I have been a champion of the films of Cartoon Saloon for a while and it’s great to see the love that Wolfwalkers is getting from the wider film community. A beautiful piece of animation, this is a great take on werewolf mythology, having a distinctly Irish feel to it, from the writing and the film being set during the rule of Oliver Cromwell, incorporating the history of Ireland into the film, to the stunning animation reflecting different types of Irish art. The story and characters meanwhile are incredibly heart-warming, being an absolute joy to see. It’s a shame that most people won’t be able to see this gorgeous animation on the big screen, but the charm and power of the film holds strong no matter where you watch it.
The Lighthouse is a hard film to describe. Sure I can talk about how good the writing and characters are and how Robert Pattinson and Willem Dafoe go all in with their performances, with the cinematography and framing of the film creating this type, claustrophobic atmosphere, but this is really more of a film to experience. When I first watched it at the 2019 London Film Festival, I was absorbed into the experience of the film and the hypnotic atmosphere that Robert Eggers creates. You’re just taken on a wild, insane ride throughout the film and I can safely say that I have never seen a film like it.
Whilst I have enjoyed the recent output of Pixar, I’ve not felt that films like Toy Story 4, Onward or Incredibles 2 have represented the true talents of Pixar, the last time I felt this talent was seen was Coco. With Soul, Pixar reminds us how good they are when they are at their peak. The animation here is stellar, with the scenes in New York representing the heights of photorealism in animation, whilst the scenes in the Great Before and the afterlife show how more abstract animation and different dimensions of animation can be combined to create a unique environment. The performances from Jamie Foxx, Tina Fey, Graham Norton, Phylicia Rashad, Alice Braga, Richard Ayoade and Rachel House add to the power of the film in their own unique ways, showcasing the character of the film well and their performances combining perfectly with the animation to create compelling characters. The film represents nothing less than the meaning of life and what it means to be alive, showing the joy in the smallest things that you may take for granted and demonstrating the power that Pixar has when they are at their best.
As soon as I saw this, I knew that, no matter what, Parasite would be my favourite film of 2020. This is as close to a perfect film as you can get. Every frame of the film, every editing choice made and every performance is exactly right. There are no points in the film that I would change. Even the tonal shift that takes place halfway through the film feels right and only adds to the power of the film. This film says so much about class disparity, the nature of wealth and the idea of family support that the themes are universal. What Bong Joon-ho has created here is a masterpiece.
As usual, the ranking of the rest of the films I saw this year is below, with links to reviews where I reviewed the film and my brief thoughts where I did not do a full review, along with my top 20 lists of favourite performances per year (with the usual limitations of one performance per actor and one performance per film).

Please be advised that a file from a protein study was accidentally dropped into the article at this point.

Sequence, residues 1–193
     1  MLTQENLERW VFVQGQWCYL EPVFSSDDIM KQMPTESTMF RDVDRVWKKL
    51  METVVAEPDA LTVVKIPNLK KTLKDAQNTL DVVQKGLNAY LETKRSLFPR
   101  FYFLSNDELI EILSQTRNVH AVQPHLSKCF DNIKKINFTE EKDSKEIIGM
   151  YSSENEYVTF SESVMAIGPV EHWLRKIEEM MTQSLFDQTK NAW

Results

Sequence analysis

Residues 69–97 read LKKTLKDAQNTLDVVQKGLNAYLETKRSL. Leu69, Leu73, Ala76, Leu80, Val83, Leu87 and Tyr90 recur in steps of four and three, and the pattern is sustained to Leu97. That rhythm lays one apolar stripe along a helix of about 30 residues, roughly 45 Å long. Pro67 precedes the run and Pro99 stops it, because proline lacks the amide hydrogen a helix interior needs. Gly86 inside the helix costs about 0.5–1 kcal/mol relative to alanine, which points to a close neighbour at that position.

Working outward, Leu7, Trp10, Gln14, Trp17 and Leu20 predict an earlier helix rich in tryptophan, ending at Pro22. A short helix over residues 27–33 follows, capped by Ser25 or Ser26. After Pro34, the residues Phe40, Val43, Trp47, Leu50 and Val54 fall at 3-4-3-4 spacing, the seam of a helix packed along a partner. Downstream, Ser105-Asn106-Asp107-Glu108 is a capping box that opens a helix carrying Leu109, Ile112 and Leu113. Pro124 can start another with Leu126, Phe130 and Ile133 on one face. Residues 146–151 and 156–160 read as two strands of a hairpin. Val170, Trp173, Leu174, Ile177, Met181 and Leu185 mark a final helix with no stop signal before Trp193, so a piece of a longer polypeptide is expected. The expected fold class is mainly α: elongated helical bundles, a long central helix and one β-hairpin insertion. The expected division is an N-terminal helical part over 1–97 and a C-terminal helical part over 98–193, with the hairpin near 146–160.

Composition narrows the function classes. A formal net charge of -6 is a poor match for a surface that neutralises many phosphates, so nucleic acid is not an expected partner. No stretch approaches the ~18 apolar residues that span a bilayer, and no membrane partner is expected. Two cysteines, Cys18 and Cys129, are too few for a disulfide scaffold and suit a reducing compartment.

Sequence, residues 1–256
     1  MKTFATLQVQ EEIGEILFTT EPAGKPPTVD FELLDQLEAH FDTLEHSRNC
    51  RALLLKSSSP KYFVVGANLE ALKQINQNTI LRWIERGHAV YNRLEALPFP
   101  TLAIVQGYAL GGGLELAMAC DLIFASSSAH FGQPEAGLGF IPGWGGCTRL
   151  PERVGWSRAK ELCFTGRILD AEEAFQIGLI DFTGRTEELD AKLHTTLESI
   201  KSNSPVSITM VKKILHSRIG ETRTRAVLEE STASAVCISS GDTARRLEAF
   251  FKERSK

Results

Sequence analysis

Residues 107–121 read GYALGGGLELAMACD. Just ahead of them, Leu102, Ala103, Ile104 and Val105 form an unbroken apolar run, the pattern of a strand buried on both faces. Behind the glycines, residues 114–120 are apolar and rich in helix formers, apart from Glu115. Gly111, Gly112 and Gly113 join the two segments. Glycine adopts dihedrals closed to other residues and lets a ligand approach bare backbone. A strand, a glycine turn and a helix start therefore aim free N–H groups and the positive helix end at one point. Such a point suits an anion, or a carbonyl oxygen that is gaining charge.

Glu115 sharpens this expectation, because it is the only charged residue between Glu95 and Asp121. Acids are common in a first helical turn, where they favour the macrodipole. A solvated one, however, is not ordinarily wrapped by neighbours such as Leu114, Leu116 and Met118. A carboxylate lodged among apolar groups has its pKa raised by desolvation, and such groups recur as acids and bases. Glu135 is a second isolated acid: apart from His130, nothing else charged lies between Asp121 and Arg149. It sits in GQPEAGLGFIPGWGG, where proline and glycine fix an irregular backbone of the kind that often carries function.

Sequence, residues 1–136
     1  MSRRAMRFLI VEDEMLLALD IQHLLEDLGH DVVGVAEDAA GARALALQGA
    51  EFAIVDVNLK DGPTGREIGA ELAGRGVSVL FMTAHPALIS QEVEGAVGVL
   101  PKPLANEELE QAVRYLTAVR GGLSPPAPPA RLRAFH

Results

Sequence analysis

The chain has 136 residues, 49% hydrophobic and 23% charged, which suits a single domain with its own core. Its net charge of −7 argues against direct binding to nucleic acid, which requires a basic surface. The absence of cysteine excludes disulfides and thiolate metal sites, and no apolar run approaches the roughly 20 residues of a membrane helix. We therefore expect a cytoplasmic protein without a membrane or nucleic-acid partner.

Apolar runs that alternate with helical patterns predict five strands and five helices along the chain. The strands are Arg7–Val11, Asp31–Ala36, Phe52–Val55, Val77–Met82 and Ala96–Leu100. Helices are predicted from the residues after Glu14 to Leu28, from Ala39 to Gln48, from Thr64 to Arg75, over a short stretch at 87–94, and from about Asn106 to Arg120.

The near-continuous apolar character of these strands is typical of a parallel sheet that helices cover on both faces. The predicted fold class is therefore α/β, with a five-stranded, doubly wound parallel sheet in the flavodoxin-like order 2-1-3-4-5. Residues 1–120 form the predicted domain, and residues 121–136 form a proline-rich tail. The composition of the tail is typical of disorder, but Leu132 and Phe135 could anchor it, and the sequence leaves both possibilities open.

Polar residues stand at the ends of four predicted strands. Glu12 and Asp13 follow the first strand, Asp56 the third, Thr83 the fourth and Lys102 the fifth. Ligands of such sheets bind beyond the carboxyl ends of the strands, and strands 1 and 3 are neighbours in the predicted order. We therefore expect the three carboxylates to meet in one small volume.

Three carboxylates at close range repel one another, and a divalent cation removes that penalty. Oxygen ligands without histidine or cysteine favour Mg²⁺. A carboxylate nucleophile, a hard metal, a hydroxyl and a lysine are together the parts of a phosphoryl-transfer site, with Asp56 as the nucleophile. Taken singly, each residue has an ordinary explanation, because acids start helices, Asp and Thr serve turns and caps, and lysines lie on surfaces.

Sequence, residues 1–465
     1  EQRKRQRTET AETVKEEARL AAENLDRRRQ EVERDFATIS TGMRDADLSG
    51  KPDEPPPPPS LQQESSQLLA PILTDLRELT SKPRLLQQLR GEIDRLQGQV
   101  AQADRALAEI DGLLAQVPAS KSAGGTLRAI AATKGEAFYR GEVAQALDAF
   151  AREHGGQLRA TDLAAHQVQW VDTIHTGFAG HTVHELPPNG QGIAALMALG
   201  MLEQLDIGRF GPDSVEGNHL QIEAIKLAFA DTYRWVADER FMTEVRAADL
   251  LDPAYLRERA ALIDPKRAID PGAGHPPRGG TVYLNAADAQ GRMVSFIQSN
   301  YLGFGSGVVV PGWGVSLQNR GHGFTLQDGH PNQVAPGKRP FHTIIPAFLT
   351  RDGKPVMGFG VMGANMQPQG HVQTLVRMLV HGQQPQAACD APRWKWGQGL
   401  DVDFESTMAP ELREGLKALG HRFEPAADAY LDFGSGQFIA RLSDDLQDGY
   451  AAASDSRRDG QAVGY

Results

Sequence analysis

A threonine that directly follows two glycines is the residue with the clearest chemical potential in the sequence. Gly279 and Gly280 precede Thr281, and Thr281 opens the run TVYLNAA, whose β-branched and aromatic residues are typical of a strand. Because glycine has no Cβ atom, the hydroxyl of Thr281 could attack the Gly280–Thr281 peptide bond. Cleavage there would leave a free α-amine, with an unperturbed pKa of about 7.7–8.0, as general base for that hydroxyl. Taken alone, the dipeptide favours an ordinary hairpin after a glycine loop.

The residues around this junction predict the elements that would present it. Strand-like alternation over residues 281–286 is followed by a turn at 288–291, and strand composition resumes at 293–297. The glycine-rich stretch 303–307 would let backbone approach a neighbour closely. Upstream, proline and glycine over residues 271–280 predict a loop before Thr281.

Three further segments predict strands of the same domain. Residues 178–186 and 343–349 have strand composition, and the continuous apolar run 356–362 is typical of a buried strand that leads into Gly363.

12. Rocks – This is an interesting and powerful look at the lives of teenagers living in London today and the difficulties they face when they lack the necessary support systems to give them the help they need, alongside being a heartwarming story, aided by an excellent performance from Bukky Bakkray and great chemistry between all the cast.
13. Clemency – I found this to be a pretty disturbing and gut-wrenching film taking a strong look at the death penalty and the psychological issues that it creates for everyone involved, with Alfre Woodard giving a tour de force performance in the lead, aided by strong supporting work from Aldis Hodge, Richard Schiff and Wendell Pierce.
14. Da 5 Bloods – As a look at the legacy of the Vietnam War, for both veterans and those they left behind, and as a look at the nature of guilt, Spike Lee has created a powerful work, with his direction evoking the feel of both the modern and the Rambo-esque action films inspired by the Vietnam War, creating a unique feel that does a good job of creating the mood of the characters. The performances from all involved are excellent but special mention has to go to Delroy Lindo who gives an incredible performance here, showing all of the guilt, pain and anger his character feels effectively.
15. The Trial of the Chicago Seven – This is probably the most Aaron Sorkiny an Aaron Sorkin film can be, with all of his writing quirks on full display, with the ensemble cast he’s assembled and the way they all interact with each other creating some great cinematic moments, with the parallels Sorkin draws between the protests against the Vietnam War and the protests of today being really interesting and well executed.
16. Crip Camp: A Disability Revolution – This film didn’t quite go the direction I thought it would, but instead in one that ended up being so much more powerful and rewarding. What could have been a more mawkish film in the hands of lesser filmmakers becomes a powerful documentary showing the legacy of the disabled rights movement and the power of the community that formed in the camp and the ongoing legacy it has to this day.